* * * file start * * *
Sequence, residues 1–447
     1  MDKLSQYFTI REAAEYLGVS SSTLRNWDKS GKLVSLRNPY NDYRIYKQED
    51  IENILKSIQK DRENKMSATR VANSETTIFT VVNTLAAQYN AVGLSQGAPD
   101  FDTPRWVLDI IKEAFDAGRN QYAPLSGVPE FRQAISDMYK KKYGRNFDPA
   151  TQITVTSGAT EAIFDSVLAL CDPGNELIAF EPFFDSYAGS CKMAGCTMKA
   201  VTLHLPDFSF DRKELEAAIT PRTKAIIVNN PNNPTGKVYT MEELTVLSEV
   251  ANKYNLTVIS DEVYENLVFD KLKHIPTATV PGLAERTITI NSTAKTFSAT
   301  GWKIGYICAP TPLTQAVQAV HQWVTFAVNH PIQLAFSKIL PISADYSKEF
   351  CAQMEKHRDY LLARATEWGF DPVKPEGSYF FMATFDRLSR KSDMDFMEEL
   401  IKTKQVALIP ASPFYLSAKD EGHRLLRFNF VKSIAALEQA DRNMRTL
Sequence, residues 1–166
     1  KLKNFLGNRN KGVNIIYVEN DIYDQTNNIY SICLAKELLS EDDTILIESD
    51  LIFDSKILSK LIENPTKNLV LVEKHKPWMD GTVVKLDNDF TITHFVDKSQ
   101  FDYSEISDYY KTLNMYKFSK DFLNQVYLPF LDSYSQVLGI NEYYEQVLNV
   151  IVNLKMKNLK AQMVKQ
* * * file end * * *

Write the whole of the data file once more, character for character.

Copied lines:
Sequence, residues 1–447
     1  MDKLSQYFTI REAAEYLGVS SSTLRNWDKS GKLVSLRNPY NDYRIYKQED
    51  IENILKSIQK DRENKMSATR VANSETTIFT VVNTLAAQYN AVGLSQGAPD
   101  FDTPRWVLDI IKEAFDAGRN QYAPLSGVPE FRQAISDMYK KKYGRNFDPA
   151  TQITVTSGAT EAIFDSVLAL CDPGNELIAF EPFFDSYAGS CKMAGCTMKA
   201  VTLHLPDFSF DRKELEAAIT PRTKAIIVNN PNNPTGKVYT MEELTVLSEV
   251  ANKYNLTVIS DEVYENLVFD KLKHIPTATV PGLAERTITI NSTAKTFSAT
   301  GWKIGYICAP TPLTQAVQAV HQWVTFAVNH PIQLAFSKIL PISADYSKEF
   351  CAQMEKHRDY LLARATEWGF DPVKPEGSYF FMATFDRLSR KSDMDFMEEL
   401  IKTKQVALIP ASPFYLSAKD EGHRLLRFNF VKSIAALEQA DRNMRTL
Sequence, residues 1–166
     1  KLKNFLGNRN KGVNIIYVEN DIYDQTNNIY SICLAKELLS EDDTILIESD
    51  LIFDSKILSK LIENPTKNLV LVEKHKPWMD GTVVKLDNDF TITHFVDKSQ
   101  FDYSEISDYY KTLNMYKFSK DFLNQVYLPF LDSYSQVLGI NEYYEQVLNV
   151  IVNLKMKNLK AQMVKQ